Raw Honey Nut Meusli

Raw Honey Nut MeusliThis recipe, and the raw honey in it, are gifts from my neighbors Judith and Bill. They keep bees, grow all sorts of yummy things in their garden, and let me pick from their raspberry patch conveniently located at the end of my summer jogging loop.

Queen bee in hiveWhy raw? Not all honey is created equal and there is a lot of conflicting stuff on the internet because, well, because anybody can say anything. I always go back to the scientific literature. In this case, the story on raw honey is very clear:
Raw honey’s ability to fight bacteria, fungus, even parasite infections has to do with certain enzymes.
• Heat (pasteurization) and light destroy these enzymes and honey loses all antiseptic properties becoming no better than sugar. In fact, it becomes a food source for unwanted guests after it is sterilized by heat treatment.
So even though manufacturers of cheap pasteurized and ultra-filtered honey claim their product has the same health benefits, in truth it doesn’t—there is a big difference.

It is important that your honey is raw and from a known source: as soon as honey is pasteurized it becomes just as bad as table sugar for spiking your blood sugar—and your waistline! Raw honey is alive with enzymes and other health beneficial nutrients. Pasteurized honey is, well, sterile and not any better for you than high fructose corn syrup.

Bill, I know that a lot of people dislike bees or are afraid of them. Thanks for bringing greater understanding of them into our lives. Judith—thanks for quickly describing the recipe and I hope I came close.

I thought long and hard on how to name this incredible breakfast dish. Although it is great in a bowl with unsweetened almond milk, the word cereal means:
1. A grain used for food, such as wheat, oats, or corn.
2. A grass producing such grain, grown as an agricultural crop.

No cereal or other grains in this dish; nope.

And then there is “granola.” The word itself means “grain” and the “ola” part is popular with tradenames, crayola, canola, … moving on…

Maybe muesli? Although muesli is usually filled with oats it doesn’t have to be. Toasted nuts, healthful raw honey, and fruit are the perfect breakfast.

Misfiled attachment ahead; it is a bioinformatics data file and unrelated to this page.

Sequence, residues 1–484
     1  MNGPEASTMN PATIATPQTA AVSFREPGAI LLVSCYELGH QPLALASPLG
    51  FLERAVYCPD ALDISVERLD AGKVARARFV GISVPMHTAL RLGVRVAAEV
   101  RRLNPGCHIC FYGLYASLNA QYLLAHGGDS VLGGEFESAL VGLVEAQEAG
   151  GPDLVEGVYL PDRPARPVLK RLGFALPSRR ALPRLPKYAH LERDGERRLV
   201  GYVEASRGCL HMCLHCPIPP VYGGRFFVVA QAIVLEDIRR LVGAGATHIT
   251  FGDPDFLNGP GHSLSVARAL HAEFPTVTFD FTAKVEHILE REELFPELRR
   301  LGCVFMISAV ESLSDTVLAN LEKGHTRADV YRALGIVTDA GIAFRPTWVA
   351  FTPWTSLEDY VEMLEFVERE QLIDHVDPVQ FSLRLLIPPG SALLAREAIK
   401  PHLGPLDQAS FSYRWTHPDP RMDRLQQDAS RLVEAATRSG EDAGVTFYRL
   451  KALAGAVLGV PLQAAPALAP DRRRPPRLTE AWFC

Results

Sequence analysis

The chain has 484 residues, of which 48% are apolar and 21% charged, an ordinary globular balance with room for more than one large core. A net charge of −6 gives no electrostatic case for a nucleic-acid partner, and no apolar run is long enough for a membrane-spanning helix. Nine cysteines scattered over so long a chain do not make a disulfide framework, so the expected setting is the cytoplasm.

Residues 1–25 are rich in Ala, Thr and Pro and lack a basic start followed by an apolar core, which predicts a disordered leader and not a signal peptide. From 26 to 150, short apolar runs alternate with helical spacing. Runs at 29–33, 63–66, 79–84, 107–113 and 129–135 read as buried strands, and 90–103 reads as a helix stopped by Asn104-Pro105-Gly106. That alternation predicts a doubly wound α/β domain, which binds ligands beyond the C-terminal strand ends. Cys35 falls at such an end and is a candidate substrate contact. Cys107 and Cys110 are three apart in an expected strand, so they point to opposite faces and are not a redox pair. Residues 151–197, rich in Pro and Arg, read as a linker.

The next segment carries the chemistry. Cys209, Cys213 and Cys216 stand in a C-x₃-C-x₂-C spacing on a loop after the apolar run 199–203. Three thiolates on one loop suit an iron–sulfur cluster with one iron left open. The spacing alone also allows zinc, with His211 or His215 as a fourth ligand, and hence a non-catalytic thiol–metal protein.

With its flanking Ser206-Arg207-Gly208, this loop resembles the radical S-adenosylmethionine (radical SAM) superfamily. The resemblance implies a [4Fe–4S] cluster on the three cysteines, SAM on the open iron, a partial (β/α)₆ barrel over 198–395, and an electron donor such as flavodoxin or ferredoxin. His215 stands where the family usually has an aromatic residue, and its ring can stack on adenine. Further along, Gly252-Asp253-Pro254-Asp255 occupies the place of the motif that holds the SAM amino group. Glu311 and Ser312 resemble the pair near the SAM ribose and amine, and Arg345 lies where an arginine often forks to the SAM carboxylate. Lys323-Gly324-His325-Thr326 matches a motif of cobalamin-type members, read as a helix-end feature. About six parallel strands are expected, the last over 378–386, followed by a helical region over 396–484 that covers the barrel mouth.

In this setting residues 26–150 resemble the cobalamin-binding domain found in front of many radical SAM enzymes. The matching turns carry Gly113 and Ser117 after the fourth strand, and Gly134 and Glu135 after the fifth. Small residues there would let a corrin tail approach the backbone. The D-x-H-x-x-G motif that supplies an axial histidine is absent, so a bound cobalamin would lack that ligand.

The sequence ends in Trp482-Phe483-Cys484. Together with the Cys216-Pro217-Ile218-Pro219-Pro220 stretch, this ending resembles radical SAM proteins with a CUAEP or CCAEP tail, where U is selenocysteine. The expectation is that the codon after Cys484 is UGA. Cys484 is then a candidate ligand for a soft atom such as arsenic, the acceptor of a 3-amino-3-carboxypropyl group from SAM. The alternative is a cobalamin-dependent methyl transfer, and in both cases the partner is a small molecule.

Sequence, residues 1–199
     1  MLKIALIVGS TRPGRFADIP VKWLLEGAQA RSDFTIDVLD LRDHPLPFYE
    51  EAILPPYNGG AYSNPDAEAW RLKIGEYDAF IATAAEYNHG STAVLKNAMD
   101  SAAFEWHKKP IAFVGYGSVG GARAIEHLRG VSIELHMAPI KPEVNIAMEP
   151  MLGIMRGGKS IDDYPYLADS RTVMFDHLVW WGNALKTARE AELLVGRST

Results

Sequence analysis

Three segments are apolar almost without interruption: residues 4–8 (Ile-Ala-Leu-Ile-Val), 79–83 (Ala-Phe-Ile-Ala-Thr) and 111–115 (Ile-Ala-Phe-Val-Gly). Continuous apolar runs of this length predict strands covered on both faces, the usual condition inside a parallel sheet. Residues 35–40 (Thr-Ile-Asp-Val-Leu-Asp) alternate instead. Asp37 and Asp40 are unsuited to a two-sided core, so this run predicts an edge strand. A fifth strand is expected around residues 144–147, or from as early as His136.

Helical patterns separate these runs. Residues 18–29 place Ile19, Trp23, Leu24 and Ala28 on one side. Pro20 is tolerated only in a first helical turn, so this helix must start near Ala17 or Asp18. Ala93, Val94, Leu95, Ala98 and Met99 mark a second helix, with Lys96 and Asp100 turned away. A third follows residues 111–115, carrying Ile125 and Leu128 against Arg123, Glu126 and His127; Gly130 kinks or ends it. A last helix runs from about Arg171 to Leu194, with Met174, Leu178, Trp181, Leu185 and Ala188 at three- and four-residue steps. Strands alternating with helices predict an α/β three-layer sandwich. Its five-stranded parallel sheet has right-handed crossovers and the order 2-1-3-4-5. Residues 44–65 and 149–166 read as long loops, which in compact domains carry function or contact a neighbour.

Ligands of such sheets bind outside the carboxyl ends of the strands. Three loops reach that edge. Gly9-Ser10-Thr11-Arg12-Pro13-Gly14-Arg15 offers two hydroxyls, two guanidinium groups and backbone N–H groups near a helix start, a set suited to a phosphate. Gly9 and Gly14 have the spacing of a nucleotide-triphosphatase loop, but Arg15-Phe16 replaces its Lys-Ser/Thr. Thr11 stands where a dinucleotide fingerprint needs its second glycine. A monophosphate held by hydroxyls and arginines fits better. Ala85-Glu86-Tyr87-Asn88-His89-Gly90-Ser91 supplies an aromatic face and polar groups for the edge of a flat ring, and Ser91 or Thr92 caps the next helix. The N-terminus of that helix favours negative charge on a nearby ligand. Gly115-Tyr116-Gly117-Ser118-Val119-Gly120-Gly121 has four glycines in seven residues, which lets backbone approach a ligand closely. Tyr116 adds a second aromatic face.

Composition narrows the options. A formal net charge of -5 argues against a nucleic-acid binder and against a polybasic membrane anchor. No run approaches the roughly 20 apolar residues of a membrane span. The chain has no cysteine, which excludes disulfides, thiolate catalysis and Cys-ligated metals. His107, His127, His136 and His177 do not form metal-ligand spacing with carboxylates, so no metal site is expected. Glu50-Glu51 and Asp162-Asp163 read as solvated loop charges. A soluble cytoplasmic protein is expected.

About 10 1-cup servings


2 cups sliced raw almonds
2 cups chopped pecans
1 cup raw pumpkin seeds (pepitos)
2 cups raw cashew pieces
½ cup raw sesame seeds
½ cup raw flax seeds
½ cup raw honey
⅓ cup olive oil
1 tsp Vanilla
1 cup dried fruit (unsweetened—chopped small as needed)


1. Put all the nuts and seeds into a large bowl and mix together.
2. In a saucepan slowly warm the honey and oil over low heat until just runny—do not overheat or cook your honey.
3. Add the vanilla.
4. Pour the honey mixture over the nut mixture and toss to coat.
5. Spread the nut mixture evenly over an oiled baking tray (or lined with parchment paper if you find this easier).
6. Toast in the oven for about 8 minutes, stir and then toast 5-8 more minutes until the nuts are turning golden.
7. Return the nut mixture to the large bowl and stir in the dried fruit. Store covered, keeps for weeks in the refrigerator (maybe longer–we seem to keep running out so we don’t really know).

240 E. Tudor Road, Anchorage AK 99503
Copyright © 2012 GL Sternquist DC, Inc. All Rights Reserved

5 thoughts on “Raw Honey Nut Meusli

  1. Pingback: For mom’s and mother’s day… | Our Nutrition Kitchen

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    • This is a good question – an answer from a bee keeper: heating honey definitely kills some of its valuable enzymes. The trick is to only use short periods of time and spread the mixture thin so it cools very quickly after removing from the oven. There is a time curve meaning that not all enzymes are killed in 5 minutes; a time curve means that enzyme activity drops off gradiently with longer time at higher heats. Pasteurized honey (which is also usually filtered and fine filterd, see below) may have a small amount of enzyme activity left when you buy it–very small but just err’ing on the side of there might be some; in contrast raw honey has most if not all of its original enzyme activity. After baking, pasteurized honey that was mostly dead to start with now is truly dead. Raw honey may have lost some enzyme activity but certainly not all.
      Pasteurization started as a heat treatment to kill yeast that naturally live in the honey but would shorten the shelf life. In time, higher temperatures and longer times were used to address the fact that commercial bees fed sugar are not very healthy and either is their honey. Today, pasteurized honey is also filtered and sometimes fine filtered not only to make it clear/non-crystalline but also to remove the harmful bacteria and yeast that are not a problem when the hive is kept healthy. This multistep process does destroy most of the enzymes. It also denatures the sugar complex–meaning it is no longer “alive” with all the enzymes and minerals and is now simple sugar. This creates a huge blood sugar spike.
      Also note: In recent years, huge amounts of honey have shown up in the US from some countries in Asia and South America that have been highly adulterated with other sweeteners such as high fructose corn syrup and also contain chemicals and antibiotics that are illegal to use in this country. Even in our country, cheaper honey brands also have these problems. This might seem off topic but the beekeeper who knows his or her honey is going to be sold raw takes extra care to ensure a healthy hive and a pure product.
      Hope this helps.

  3. Pingback: For Moms and Mother's Day... sweet as honey

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